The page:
Where nothing goes a waste


Where nothing goes a waste

Dr Vaman Acharya is not your typical doctor. He trained as a gynaecologist, served in the tribal areas of Maharashtra in the mid-Eighties and later returned to Bangalore to pursue his many other passions including the environment.

Apart from being an industrialist, Acharya is also a farmer. It was on his way to his farm in the early Nineties that Acharya would routinely pass trucks laden with garbage. Those days, plastic waste was much less and the trucks carrying mostly organic matter would be on their way to dump this in the outskirts. While most people wrinkle their noses and try to forget garbage, Acharya saw “food” in this waste. “My intention was not to clean the city but to see that this green food went back to the soil to nourish it. The bacteria, millipedes and other living organisms in the soil convert this waste organic matter into manure which can enrich the Earth.”

Fine organic-rich manure
It was with this intention that Sunrays Compost was started as a “socially useful private enterprise” in 1993 near Machohalli. Seventeen years down the line, it continues to handle five-ten tons of predominantly organic waste from which about four-eight tons of fine organic rich manure is produced every day. 

Manjunath Moli who oversees the entire process explains this conversion. “The garbage arrivals are kept in weekly rows. The rows are kept as it is for a while and then water is sprayed and the heap churned using earth movers.

Subsequently bacteria culture is sprayed and decomposition is hastened. There are separating machines which sieve the matter in two stages. The first stage refuse includes big stones and some plastic matter. The plastic is given away to be converted to diesel. The second stage of sieving yields fibrous and other large organic matter, which are taken by farmers to strengthen their bunds and what we get after the second stage sieving is the fine powder manure that we sell to a fertiliser company.”

Holding this fine black powder with no trace of smell in hand, one marvels at the natural process that converts garbage into manure, a process that is hastened and slightly modified here with the help of technology.

Acharya can thus be credited with actively addressing the colossal solid waste disposal programme of Bangalore, even if on a minuscule scale. With a shrug, he explains, “This solid waste as resource has been a passion of mine – more than my other ventures. I have invested a lot of time and money in this but can’t really call it a success story although it has the potential to become a highly profitable socio economic activity.”
Acharya continues, “the total amount of garbage generated by Bangalore every day is around 4500 tons out of which nearly 1500 tons is usable organic matter as our eating style thankfully still includes a lot of fresh and raw produce. An acre of land needs on an average five tons of manure/year, imagine how many acres of farmland can be made fertile with the garbage produced by Bangalore city alone.”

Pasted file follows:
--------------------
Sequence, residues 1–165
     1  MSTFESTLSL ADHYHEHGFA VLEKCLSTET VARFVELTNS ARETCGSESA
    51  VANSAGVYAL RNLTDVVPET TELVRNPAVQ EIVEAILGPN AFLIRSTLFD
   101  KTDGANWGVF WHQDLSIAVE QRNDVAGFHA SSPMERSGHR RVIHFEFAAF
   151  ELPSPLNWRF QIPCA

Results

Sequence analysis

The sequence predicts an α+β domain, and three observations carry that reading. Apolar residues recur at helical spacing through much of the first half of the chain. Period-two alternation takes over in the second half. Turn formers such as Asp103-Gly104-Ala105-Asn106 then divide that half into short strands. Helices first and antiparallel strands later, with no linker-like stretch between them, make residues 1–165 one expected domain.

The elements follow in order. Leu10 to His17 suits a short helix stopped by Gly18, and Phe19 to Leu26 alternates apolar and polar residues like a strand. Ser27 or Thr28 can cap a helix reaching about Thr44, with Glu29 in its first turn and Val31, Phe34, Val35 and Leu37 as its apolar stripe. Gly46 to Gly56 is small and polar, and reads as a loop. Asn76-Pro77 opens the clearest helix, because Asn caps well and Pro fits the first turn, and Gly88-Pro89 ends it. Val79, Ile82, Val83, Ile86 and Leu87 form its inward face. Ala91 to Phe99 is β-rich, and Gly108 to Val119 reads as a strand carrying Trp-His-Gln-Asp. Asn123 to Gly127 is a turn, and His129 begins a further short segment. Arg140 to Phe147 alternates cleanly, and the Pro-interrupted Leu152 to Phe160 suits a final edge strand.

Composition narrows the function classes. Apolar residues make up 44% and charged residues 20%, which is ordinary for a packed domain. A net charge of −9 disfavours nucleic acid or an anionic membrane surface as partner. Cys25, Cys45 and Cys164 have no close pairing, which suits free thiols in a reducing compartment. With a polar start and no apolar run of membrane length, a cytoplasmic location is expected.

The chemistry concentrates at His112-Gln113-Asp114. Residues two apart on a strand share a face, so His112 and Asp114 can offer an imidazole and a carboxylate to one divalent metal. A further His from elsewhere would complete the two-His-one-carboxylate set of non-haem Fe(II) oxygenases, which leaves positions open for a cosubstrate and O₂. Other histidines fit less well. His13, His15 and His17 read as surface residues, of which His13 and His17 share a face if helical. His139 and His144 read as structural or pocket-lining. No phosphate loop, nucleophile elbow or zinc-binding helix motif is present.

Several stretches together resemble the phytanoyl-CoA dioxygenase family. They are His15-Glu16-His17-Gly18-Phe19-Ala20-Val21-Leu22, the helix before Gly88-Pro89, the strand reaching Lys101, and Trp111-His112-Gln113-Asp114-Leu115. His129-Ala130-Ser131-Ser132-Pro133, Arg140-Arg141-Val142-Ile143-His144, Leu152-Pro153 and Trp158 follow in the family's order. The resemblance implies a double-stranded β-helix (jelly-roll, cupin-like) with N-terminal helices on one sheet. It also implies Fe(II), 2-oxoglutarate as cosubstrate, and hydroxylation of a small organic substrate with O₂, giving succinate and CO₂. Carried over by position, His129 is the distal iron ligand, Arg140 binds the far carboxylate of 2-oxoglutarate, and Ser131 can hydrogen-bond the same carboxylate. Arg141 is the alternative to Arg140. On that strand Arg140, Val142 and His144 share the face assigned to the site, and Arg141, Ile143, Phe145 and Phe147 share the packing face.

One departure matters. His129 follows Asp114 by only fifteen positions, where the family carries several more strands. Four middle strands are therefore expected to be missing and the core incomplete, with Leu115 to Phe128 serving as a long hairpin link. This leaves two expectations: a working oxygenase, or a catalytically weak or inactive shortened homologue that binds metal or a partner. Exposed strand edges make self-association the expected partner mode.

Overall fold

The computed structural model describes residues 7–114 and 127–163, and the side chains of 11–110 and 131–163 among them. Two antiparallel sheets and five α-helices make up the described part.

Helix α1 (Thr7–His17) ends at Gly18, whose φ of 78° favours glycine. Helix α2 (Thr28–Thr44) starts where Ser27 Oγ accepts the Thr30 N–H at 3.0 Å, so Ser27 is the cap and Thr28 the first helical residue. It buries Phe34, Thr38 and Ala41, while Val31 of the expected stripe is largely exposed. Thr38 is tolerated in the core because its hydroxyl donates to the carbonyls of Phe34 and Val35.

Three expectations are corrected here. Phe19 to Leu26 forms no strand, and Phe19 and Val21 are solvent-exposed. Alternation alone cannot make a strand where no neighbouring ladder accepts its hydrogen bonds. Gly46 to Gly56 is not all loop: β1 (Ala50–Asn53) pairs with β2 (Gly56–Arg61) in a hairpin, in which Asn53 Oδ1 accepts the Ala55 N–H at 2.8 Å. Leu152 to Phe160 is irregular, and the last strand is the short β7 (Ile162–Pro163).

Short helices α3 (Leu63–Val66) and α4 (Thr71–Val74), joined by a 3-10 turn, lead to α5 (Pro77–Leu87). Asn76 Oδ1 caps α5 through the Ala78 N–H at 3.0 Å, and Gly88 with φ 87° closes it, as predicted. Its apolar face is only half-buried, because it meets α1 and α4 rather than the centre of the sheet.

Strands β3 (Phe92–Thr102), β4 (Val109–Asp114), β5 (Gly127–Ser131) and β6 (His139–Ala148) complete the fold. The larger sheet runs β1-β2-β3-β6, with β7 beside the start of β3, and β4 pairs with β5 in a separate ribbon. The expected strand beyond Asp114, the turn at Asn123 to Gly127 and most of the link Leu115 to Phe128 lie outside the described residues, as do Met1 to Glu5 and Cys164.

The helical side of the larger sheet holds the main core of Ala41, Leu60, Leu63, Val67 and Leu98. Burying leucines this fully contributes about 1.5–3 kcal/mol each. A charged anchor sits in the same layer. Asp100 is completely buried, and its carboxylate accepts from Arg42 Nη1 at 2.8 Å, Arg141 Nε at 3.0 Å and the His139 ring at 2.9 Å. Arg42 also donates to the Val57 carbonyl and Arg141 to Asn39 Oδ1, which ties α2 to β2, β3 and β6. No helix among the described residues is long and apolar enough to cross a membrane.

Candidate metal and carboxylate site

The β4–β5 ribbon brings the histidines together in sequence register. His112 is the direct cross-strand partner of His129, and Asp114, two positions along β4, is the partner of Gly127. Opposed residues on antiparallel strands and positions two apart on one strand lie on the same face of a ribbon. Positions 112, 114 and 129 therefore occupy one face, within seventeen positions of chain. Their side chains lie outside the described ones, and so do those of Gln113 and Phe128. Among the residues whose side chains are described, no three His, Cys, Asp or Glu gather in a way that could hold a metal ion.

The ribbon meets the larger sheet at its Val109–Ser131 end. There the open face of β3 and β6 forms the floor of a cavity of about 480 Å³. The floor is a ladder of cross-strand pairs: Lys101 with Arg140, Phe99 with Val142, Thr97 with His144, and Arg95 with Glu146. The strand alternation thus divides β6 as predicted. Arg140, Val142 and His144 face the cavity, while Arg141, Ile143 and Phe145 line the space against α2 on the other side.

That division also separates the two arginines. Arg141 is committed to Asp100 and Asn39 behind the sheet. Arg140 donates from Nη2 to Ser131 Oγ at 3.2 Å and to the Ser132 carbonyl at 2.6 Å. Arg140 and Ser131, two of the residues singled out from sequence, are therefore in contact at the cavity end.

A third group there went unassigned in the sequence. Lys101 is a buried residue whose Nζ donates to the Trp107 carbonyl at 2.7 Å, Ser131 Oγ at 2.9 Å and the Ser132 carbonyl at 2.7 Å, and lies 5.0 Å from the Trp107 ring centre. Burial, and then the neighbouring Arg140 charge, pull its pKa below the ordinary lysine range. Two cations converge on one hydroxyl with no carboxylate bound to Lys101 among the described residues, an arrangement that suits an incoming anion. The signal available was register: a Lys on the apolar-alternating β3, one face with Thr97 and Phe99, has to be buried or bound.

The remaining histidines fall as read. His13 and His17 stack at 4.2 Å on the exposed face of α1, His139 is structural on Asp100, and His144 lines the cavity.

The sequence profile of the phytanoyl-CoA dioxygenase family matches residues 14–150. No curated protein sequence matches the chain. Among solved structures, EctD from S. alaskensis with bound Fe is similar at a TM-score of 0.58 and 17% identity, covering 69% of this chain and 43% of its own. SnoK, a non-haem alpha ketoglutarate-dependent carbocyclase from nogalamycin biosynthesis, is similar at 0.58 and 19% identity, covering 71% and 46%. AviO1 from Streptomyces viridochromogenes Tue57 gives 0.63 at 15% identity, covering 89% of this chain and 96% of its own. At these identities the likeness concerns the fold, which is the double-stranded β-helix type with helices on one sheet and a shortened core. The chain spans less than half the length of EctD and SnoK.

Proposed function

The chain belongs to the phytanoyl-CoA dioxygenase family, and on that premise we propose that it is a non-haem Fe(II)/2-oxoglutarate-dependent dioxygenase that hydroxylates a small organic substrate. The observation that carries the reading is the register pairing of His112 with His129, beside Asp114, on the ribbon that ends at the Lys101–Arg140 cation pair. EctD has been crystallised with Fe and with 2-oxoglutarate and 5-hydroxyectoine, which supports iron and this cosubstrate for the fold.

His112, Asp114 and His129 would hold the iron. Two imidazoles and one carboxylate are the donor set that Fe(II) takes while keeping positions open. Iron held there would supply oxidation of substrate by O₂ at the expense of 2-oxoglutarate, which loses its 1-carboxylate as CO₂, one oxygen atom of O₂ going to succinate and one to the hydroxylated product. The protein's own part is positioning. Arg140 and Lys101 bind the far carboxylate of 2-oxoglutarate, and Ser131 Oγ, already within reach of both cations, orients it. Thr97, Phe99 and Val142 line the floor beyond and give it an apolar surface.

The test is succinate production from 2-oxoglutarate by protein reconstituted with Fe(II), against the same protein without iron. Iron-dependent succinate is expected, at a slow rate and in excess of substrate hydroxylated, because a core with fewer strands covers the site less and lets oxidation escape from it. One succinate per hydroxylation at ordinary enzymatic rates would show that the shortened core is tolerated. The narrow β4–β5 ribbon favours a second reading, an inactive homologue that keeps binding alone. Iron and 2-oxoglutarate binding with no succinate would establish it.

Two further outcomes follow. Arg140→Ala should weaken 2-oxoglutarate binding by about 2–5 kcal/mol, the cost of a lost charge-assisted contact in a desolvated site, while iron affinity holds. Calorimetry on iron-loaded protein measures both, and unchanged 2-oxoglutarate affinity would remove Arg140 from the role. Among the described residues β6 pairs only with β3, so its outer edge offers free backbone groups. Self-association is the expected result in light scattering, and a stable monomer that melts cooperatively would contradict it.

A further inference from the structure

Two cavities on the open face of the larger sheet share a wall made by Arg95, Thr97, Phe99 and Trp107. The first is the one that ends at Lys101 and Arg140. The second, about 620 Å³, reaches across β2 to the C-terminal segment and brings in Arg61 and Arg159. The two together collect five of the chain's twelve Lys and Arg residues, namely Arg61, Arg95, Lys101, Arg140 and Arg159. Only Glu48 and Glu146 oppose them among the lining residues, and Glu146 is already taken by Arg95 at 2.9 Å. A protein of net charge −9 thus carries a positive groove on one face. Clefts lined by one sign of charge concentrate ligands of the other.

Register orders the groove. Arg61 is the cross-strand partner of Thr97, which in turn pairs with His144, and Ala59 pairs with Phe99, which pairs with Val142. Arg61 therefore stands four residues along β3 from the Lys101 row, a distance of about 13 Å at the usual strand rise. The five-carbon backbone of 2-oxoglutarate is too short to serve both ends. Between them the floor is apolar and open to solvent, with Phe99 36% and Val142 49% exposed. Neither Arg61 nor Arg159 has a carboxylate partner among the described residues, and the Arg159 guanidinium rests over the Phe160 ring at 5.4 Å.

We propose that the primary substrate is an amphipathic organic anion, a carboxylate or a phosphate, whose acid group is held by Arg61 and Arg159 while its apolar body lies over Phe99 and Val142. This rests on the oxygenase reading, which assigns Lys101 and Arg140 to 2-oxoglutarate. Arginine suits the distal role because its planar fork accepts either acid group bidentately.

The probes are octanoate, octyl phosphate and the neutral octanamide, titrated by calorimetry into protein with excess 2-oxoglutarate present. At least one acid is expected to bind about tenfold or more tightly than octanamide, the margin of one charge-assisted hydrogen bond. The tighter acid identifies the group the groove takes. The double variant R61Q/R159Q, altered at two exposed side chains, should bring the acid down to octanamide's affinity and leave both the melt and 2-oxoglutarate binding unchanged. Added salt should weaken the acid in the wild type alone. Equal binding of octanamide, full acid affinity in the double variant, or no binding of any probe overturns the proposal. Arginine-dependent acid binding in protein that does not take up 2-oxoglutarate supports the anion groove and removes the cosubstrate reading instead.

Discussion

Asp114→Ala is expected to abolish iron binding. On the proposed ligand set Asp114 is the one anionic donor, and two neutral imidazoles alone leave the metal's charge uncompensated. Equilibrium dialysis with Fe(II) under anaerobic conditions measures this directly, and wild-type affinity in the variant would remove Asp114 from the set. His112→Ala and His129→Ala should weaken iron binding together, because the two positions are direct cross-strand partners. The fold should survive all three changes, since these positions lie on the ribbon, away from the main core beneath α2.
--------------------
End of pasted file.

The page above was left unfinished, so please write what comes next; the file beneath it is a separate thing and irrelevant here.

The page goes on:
Waste segregation vital
Why is this not happening then? “Collection, segregation and transportation of waste are presently not being done systematically. Segregation of waste into dry and wet is the need of the hour. We need to continuously educate the public, the pourakarmikas, the contractors and transporters about separating waste.

“People are becoming aware but at-source segregation can happen only with continuous education, persuasion and incentives. There should be units in every locality where segregated waste can be collected and then sent for further processing. People don’t mind paying for waste management if they know it will be handled properly. With the organic manure thus produced we can make the soil very fertile and there will be no need for harmful chemical fertilisers at all,” says Acharya.

Sunrays Compost is presently getting most of its organic waste from big industries who pay a nominal amount to convert their organic waste into manure. Only some amount of Sunrays’ input is from municipal waste.

Acharya says that because the Pollution Control Board cracks its whip, many big industrial and commercial establishments are taking waste disposal seriously, but, for the city’s garbage it is a public private partnership that is required.
Sunrays Compost is now facing an uncertain future. The land on which the unit is located has been acquired by the BDA to be converted to a residential layout. Solid waste management is one of the important issues plaguing the city and models like the one envisaged by Vaman Acharya need to be further explored if Bangalore has to get rid of the tag ‘garbage city’.

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